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The near-optimality result for pretty-good measurements as given in Barnum & Knill's original paper holds only for a commuting ensemble of states, Theorem 2 in

https://arxiv.org/pdf/quant-ph/0004088.pdf

Theorem 3.10 in Watrous' book makes no such assumptions on the ensemble so it seems like a generalization of Barnum & Knill's paper.

However, I'm unable to see how equation 3.55 is obtained in the proof of this theorem.

This is in Chapter 3 of the book: https://cs.uwaterloo.ca/~watrous/TQI/TQI.3.pdf

Basically, we are given

$\rho = \sum_{a\in\Sigma} \eta (a)$,

which implies $\textrm{im}(\eta(a))\subseteq \textrm{im}(\rho)$. (I understand this bit.)

Equation 3.55 reads

$\langle \nu(a),\eta(a)\rangle = \langle \rho^{1/4}\nu(a)\rho^{1/4}, (\rho^+)^{1/4} \eta(a) (\rho^+)^{1/4} \rangle.~~~~*$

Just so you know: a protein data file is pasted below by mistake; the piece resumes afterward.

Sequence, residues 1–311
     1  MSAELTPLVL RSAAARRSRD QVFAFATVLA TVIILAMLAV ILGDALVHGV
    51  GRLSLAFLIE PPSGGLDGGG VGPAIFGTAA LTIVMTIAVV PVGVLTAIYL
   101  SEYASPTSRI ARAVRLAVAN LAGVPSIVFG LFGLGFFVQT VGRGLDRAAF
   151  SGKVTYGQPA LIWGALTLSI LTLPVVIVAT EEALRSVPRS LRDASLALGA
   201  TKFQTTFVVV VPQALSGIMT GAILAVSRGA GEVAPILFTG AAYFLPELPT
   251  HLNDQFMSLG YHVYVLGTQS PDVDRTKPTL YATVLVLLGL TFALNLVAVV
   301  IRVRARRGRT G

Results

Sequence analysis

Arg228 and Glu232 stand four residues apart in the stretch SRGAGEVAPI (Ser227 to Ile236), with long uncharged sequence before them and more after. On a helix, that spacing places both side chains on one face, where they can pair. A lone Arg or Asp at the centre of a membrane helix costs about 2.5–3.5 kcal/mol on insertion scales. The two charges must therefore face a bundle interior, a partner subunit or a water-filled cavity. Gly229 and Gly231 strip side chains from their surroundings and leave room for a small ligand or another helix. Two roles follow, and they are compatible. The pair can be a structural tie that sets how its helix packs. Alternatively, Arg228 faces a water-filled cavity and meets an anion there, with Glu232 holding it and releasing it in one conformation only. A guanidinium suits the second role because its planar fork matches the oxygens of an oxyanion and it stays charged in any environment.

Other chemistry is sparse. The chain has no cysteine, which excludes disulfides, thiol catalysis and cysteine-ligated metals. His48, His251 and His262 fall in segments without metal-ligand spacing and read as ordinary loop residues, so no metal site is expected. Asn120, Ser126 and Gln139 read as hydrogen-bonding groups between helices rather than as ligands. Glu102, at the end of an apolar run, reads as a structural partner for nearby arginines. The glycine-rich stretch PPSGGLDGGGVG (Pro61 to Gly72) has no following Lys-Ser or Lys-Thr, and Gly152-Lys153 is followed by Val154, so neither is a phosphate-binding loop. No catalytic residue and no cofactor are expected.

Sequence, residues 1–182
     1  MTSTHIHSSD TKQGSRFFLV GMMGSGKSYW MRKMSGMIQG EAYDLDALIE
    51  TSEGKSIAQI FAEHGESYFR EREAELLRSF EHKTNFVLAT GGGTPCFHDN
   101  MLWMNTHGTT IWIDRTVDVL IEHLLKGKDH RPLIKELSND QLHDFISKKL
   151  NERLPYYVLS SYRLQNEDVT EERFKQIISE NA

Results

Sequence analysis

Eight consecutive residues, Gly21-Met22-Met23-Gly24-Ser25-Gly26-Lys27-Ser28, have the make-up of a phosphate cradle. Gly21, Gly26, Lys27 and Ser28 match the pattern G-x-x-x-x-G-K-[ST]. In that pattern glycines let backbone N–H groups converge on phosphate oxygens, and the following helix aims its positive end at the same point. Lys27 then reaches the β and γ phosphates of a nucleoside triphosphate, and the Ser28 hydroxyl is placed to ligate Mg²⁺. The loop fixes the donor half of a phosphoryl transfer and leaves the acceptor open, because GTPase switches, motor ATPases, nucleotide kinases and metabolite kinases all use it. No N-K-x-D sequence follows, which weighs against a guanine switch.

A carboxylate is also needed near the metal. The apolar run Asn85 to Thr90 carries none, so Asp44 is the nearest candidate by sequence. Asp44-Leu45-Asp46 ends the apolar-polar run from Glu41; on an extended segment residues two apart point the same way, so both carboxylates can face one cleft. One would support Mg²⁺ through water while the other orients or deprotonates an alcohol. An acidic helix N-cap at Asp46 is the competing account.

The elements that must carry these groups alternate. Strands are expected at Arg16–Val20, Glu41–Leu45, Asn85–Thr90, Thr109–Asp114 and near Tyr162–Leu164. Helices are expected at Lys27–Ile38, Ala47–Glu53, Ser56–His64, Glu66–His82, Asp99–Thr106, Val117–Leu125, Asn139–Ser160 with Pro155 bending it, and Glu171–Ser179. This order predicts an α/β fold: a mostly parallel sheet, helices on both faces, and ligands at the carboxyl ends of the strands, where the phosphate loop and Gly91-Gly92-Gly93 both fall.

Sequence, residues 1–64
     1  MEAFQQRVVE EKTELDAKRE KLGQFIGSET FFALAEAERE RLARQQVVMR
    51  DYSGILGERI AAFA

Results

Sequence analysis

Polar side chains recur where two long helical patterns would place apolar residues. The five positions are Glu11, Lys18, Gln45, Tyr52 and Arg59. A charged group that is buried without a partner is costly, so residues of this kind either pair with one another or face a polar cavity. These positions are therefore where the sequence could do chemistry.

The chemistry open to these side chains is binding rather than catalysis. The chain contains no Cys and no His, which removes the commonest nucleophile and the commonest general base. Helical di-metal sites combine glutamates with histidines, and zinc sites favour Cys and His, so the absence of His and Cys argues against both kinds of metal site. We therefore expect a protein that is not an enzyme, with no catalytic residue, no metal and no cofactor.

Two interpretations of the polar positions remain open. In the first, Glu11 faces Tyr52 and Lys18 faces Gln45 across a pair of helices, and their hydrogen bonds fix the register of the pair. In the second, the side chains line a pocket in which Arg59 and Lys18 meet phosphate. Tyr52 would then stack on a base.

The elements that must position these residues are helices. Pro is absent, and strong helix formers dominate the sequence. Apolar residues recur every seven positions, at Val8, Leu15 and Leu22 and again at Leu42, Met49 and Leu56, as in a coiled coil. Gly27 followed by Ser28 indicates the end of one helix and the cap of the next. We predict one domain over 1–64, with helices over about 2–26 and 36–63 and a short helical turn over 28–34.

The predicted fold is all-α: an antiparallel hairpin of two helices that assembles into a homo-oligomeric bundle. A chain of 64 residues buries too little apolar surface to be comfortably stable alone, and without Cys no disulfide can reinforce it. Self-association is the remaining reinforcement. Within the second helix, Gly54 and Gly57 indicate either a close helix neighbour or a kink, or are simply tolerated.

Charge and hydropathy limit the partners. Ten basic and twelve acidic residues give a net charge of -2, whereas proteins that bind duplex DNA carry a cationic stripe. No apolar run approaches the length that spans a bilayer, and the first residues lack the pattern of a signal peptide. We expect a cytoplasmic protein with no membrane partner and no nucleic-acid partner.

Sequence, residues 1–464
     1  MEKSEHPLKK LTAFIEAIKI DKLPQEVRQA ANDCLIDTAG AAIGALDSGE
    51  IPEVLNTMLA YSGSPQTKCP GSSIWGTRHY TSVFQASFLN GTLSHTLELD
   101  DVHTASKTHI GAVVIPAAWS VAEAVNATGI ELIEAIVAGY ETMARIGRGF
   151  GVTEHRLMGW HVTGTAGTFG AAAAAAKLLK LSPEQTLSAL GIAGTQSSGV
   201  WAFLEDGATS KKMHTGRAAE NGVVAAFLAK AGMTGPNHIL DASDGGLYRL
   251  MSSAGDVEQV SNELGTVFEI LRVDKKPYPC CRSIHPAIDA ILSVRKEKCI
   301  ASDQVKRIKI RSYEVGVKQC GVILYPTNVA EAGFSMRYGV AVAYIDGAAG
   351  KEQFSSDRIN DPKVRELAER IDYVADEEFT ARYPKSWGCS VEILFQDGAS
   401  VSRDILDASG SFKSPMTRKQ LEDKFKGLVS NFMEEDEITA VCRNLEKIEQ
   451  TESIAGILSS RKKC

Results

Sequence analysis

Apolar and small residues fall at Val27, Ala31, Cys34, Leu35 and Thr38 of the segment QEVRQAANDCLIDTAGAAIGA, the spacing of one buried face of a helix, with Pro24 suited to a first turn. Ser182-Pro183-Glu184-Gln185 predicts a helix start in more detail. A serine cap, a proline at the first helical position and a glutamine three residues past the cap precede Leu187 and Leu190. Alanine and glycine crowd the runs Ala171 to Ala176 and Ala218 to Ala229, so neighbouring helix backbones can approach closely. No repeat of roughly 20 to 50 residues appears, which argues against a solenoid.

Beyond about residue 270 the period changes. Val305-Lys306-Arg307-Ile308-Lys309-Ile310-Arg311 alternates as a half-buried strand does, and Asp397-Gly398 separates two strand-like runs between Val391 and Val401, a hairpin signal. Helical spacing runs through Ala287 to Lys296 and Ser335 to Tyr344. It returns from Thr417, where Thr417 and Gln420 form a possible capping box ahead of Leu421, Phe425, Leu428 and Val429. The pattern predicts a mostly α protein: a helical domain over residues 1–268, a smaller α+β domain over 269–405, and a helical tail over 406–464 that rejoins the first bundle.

Now, the right-hand side is equal to

$\textrm{tr}\big(\nu(a)(\rho^+\rho)^{1/4} \eta(a)(\rho^+\rho)^{1/4}\big)$,

since $\rho$ commutes with its pseudo-inverse $\rho^+$.

I'm wondering how this gives the equality in equation $*$ since $\rho^+ \rho \neq \mathbb{1}$.

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As also mentioned in this other answer of mine, that identity relies on the following general statement: given any pair of Hermitian matrices, $A,B$, and an Hermitian operator $C$ such that $\operatorname{im}(B)\subseteq \operatorname{im}(C)$, we have $$\langle A,B\rangle = \langle CAC,C^+ BC^+\rangle.$$ To see this, note that the RHS equals $\operatorname{tr}(ACC^+BC^+ C)$, and from the definition of pseudoinverse you have $CC^+=C^+ C=\Pi_{\operatorname{im}(C)}$, that is, the projection onto the support of $C$ (image and support are identical for Hermitian operators). Thus the RHS equals $$\operatorname{tr}(A \Pi_{\operatorname{im}(C)} B \Pi_{\operatorname{im}(C)}).$$ But if $\operatorname{im}(B)\subseteq \operatorname{im}(C)$, then $\Pi_{\operatorname{im}(C)} B \Pi_{\operatorname{im}(C)}=B$, hence the conclusion.


To connect this with the statement at hand, you need only observe that $\rho^{1/4}$ has the same support as $\rho$, and because $\rho=\sum_a \eta(a)$ we have $\operatorname{im}(\rho)\supseteq \operatorname{im}(\eta(a))$ for all $a$.

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